In an editorial published in CNS Spectrums , Jay Avasarala, MD, Ph.D., takes the research community to task for its lack of presentation in Phase III clinical trials for drugs to treat Multiple Sclerosis (MS).
Noting that the disease course of MS in African American (AA) patients is more aggressive, I have urged researchers to make more effort to stave off the persistent slide in the least representation, which has skews efficacy and disability data and prevents physicians' ability to extrapolate Whether drugs are effective in these populations.
"The MS phenotype in the African American patient is an ideal model to study drug efficacy since the disease follows a rapidly disabling course," he wrote. "AA MS patients admitted to US nursing homes are six years younger but more disabled compared to Caucasian American (CA) patients with MS. Since phenotypes between CA and AA can be clinically distinct, it is remarkable that perform in such diverse groups. "
According to Avasarala, a neurologist specializing in Multiple Sclerosis and neuroimmunology at UK HealthCare's Kentucky Neuroscience Institute, minority recruitment for clinical trials for MS drugs has been declined from 7.7% in 2002 to about 2% in 2013.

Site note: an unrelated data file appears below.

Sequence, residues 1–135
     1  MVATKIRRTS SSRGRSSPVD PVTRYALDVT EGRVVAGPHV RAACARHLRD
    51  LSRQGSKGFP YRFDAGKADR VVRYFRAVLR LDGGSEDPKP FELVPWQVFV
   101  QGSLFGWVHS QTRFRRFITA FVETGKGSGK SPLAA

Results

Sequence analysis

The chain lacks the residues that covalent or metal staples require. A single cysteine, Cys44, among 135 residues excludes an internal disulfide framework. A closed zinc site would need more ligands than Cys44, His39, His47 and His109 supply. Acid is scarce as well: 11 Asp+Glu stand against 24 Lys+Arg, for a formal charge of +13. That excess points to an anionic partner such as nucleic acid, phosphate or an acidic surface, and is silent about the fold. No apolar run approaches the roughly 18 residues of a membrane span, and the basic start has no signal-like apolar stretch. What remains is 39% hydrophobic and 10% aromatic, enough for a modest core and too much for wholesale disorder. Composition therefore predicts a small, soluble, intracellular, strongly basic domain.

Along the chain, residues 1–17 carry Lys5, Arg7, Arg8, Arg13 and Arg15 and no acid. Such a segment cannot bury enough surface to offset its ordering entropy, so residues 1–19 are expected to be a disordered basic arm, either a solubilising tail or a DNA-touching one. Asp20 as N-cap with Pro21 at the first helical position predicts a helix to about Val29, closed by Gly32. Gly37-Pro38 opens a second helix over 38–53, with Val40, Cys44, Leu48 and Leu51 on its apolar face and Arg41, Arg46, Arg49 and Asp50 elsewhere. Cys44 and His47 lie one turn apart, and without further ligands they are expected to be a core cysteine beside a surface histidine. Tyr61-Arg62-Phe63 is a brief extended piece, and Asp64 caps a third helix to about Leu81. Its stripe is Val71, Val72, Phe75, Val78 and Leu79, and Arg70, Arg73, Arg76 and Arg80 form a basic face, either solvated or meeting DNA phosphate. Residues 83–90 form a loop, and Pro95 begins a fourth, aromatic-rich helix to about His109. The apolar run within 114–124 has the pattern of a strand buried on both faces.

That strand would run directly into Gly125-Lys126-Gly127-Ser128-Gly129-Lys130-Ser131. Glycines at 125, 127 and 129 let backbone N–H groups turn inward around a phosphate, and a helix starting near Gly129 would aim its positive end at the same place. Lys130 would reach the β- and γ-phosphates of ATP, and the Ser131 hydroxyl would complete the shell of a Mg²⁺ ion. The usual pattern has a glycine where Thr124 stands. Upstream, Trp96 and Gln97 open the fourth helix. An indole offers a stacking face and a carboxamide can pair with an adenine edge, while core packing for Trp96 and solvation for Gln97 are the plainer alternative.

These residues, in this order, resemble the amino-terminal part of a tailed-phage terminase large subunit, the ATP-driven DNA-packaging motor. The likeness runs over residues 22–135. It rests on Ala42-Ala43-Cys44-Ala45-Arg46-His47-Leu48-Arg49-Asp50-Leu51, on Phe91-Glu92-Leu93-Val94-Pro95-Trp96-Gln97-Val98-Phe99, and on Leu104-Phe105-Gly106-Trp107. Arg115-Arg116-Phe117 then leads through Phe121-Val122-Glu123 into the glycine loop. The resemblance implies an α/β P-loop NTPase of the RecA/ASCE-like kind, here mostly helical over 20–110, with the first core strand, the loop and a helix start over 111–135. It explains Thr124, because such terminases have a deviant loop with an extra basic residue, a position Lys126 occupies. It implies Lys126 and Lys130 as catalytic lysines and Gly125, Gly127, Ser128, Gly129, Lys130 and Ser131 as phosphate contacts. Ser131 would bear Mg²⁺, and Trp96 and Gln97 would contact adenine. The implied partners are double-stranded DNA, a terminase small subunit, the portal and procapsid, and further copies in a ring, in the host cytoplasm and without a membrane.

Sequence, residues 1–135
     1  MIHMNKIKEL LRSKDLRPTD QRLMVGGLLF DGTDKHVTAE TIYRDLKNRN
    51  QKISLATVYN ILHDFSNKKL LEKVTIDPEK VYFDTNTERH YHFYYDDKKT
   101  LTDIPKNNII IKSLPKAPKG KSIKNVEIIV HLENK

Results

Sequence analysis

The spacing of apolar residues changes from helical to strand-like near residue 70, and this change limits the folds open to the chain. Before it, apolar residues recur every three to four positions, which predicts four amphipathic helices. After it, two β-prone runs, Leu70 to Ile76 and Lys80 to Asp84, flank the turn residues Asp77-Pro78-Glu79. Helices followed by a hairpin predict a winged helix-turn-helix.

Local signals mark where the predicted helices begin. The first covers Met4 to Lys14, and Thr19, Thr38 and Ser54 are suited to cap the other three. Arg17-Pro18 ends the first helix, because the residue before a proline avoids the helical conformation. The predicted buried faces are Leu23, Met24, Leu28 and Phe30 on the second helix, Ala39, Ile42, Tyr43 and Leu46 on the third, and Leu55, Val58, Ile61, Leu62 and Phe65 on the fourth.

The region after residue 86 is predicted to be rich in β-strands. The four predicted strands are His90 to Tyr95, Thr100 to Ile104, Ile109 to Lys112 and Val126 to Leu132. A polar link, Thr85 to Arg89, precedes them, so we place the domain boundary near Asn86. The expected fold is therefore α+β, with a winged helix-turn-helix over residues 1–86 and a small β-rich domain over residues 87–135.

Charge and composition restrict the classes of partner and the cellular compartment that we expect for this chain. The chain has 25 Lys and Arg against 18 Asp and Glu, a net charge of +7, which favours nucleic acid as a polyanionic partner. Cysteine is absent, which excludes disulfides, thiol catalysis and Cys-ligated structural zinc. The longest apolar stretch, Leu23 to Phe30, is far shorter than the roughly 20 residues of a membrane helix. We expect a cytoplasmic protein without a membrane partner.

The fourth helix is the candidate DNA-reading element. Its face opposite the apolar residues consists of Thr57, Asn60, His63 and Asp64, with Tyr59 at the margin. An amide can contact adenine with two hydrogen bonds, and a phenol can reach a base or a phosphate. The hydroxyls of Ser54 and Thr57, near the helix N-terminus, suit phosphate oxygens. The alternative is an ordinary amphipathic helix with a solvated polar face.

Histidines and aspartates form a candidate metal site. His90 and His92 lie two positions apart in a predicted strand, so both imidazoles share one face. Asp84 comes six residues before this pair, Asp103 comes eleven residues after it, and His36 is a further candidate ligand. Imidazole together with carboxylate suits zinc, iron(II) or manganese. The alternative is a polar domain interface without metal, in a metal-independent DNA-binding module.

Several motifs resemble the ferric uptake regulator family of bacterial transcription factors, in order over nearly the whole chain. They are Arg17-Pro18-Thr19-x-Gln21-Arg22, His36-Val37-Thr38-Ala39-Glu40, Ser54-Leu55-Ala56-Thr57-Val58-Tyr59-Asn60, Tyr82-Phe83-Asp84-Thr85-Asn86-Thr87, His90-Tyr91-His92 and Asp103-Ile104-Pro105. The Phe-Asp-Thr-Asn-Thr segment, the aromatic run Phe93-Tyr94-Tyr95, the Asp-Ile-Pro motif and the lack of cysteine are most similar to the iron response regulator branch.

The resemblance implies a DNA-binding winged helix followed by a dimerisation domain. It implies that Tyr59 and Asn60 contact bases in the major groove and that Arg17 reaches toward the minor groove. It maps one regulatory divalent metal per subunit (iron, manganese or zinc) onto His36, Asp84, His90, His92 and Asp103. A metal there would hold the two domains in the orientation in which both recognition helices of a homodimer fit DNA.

In 2014, the FDA's CDER launched the Drug Trials Snapshots initiative that endeavored to increase the risk of drug trials and improve public transparency by providing drug trial data online. While Avasarala acknowledges that the initiative was a good first step, it emphasizes that it does not require drug package inserts to include efficacy from minority populations , making it difficult for prescribing physicians to determine whether the drug will help patients from minority ethnicities.
"First, I believe we should require pharmaceutical companies to collect post-marketing data in all groups that receive FDA-approved drugs for MS management and classify responsiveness based on ethnicity," he said, noting that the FDA has required manufacturers to provide post-marketing data on drug safety for many years.
Avasarala also advocates for a requirement that package include intelligence data from minority populations and that no publication should accept study data without a clarifying statement that acknowledges the lack of sufficient data to make reasonable conclusions in non-Caucasian minorities.
Since the 1970's, science has documented that MS among African Americans is clinically distinct in its progression and presentation, according to Avasarala, but research into treatments that address their particular phenotype has not kept pace.
"The scientific community has published reams of data, but all that matters to a patient is, 'OK, doc, how can you treat me?' "What drugs would you recommend?" And we fall short for African Americans, because we simply do not have the data. "
Avasarala states that his research at UK HealthCare will focus on the translational aspects of MS, datamining, the application of retinal imaging techniques to advance disease diagnosis, and studying in vitro blood-brain barrier models to facilitate drug transportation.